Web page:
• Feeling sick (nausea)
  • Tummy (abdominal) pain
  • Being sick (vomiting)

For a full list of possible side-effects and cautions, see the leaflet that comes in the packet with your particular brand.

In particular: tell your doctor if you are taking the blood-thinning medicine warfarin, or a medicine for epilepsy, called phenytoin (Epanutin®), or medicines called digoxin, methotrexate or cilostazol. Taking a PPI can affect how well these medicines work, or can even cause serious 'drug reactions'. Also, lansoprazole possibly affects how well oral contraceptives might work. Discuss this with your doctor if it is relevant to you.

If you are taking antacids you should try to avoid taking them at the same time as you take your other medication, including PPIs. This is because antacids can affect how well your medication is absorbed.

Editor's note

November 2017 - Dr Hayley Willacy has been reading recent reports concerning long-term use of PPI medicines and an increased risk of gastric (stomach) cancer - see Further reading below. Researchers from Hong Kong studied 63,397 people who'd been treated for stomach infection with H. pylori bacteria. Even after the bacteria had been killed, those who took PPIs on a long-term basis were more likely to be diagnosed with stomach cancer in the following 7 to 8 years of follow-up. Because of the study design, we can't tell if PPIs were the cause of the increased stomach cancer risk. It could also have been down to other factors. For instance, the people studied were Chinese and we know that Asian people already have a higher risk of stomach cancer than the general European or US population. The amount of alcohol or how much these people smoked are also key factors and unfortunately, this was not looked at in the study. It is also important to keep the results in proportion. Long-term use of PPIs was linked to around 4 additional stomach cancer cases per 10,000 people per year. The overall risk is still very low.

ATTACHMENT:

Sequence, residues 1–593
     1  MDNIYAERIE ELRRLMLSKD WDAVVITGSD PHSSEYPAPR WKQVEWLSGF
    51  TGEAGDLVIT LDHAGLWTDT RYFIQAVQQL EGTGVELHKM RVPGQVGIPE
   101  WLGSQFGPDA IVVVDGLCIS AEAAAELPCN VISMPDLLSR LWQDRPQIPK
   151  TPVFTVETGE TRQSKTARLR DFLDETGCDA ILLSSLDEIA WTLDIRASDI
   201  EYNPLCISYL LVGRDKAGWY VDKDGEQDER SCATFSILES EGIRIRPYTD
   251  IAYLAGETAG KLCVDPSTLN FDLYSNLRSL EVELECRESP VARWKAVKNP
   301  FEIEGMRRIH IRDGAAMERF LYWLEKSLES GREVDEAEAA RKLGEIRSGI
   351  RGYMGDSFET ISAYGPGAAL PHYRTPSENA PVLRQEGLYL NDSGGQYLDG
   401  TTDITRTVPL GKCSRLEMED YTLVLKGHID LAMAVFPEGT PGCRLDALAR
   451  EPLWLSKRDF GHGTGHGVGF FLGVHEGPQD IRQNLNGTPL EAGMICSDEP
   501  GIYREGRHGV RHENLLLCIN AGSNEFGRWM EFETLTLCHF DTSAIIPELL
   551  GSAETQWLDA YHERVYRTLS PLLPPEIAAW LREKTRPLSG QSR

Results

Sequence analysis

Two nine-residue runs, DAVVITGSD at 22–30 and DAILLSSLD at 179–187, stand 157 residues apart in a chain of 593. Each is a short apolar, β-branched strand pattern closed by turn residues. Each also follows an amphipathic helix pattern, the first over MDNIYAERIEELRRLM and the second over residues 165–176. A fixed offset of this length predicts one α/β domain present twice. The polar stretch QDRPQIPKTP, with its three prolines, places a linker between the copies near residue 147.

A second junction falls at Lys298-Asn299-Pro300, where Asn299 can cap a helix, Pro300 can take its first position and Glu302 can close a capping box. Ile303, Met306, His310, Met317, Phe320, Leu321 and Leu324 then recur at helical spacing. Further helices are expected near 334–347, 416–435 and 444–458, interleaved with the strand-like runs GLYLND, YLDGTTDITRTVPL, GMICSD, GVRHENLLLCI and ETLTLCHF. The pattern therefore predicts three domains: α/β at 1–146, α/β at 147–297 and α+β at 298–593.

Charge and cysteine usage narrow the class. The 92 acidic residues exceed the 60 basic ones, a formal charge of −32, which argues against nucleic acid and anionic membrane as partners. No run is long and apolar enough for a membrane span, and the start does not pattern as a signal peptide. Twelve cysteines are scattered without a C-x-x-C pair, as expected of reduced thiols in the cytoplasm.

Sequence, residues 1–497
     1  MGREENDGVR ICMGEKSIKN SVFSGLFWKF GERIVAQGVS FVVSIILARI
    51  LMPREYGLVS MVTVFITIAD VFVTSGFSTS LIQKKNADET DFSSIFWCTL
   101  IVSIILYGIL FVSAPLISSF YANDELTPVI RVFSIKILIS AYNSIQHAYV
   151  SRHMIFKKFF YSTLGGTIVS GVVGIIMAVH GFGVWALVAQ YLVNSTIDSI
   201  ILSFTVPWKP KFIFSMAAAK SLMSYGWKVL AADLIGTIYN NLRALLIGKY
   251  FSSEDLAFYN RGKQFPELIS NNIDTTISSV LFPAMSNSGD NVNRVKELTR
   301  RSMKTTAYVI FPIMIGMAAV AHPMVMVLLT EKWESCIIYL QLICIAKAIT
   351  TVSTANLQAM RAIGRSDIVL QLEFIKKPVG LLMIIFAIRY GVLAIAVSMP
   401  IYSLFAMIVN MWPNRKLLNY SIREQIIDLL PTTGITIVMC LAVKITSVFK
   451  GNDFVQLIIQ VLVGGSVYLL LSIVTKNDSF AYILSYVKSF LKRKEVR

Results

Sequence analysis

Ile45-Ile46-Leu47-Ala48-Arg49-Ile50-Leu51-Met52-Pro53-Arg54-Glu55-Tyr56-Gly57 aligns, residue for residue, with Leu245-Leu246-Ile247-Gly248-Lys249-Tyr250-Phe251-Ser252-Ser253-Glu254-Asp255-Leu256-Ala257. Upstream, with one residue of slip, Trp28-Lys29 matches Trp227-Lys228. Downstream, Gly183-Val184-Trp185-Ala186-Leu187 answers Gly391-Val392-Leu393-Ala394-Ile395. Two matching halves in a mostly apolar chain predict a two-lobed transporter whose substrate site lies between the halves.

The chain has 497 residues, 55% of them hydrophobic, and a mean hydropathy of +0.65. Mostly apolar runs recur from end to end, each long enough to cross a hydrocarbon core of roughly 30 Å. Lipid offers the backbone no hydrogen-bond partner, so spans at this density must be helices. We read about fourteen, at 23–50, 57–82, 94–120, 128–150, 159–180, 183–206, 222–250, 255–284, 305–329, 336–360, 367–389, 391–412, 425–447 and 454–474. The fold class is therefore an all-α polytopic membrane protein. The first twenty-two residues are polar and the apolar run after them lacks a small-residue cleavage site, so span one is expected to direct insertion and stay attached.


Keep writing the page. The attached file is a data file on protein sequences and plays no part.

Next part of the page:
How to use the Yellow Card Scheme

If you think you have had a side-effect to one of your medicines you can report this on the Yellow Card Scheme. You can do this online at .

The Yellow Card Scheme is used to make pharmacists, doctors and nurses aware of any new side-effects that medicines or any other healthcare products may have caused. If you wish to report a side-effect, you will need to provide basic information about:

  • The side-effect.
  • The name of the medicine which you think caused it.
  • The person who had the side-effect.
  • Your contact details as the reporter of the side-effect.

It is helpful if you have your medication - and/or the leaflet that came with it - with you while you fill out the report.

You should consult your doctor if your symptoms worsen, or if you experience any of the following problems which can indicate a serious gut disorder:

  • Bringing up (vomiting) blood. This may be obviously fresh blood, but altered blood in vomit can look like ground coffee. Doctors call this 'coffee-ground vomit'.
  • Blood in your stools (faeces). This may be obvious blood, or it may just make your stools black.
  • Unintentional weight loss.
  • Difficulty swallowing, including food getting stuck in the gullet (oesophagus).
  • Persistent tummy (abdominal) pain or persistent vomiting.

Further reading and references

  • ; NICE Clinical Guideline (Sept 2014)

  • ; Initial management of dyspepsia in primary care: an evidence-based approach. Br J Gen Pract. 2013 Sep63(614):498-9. doi: 10.3399/bjgp13X671821.

  • ; Long-term proton pump inhibitors and risk of gastric cancer development after treatment for Helicobacter pylori: a population-based study. Gut. 2017 Oct 31. pii: gutjnl-2017-314605. doi: 10.1136/gutjnl-2017-314605.

  • ; NICE CKS, September 2017 (UK access only)

  • ; NICE CKS, April 2017 (UK access only)

  • ; NICE CKS, September 2017 (UK access only)

  • ; NICE CKS, April 2017 (UK access only)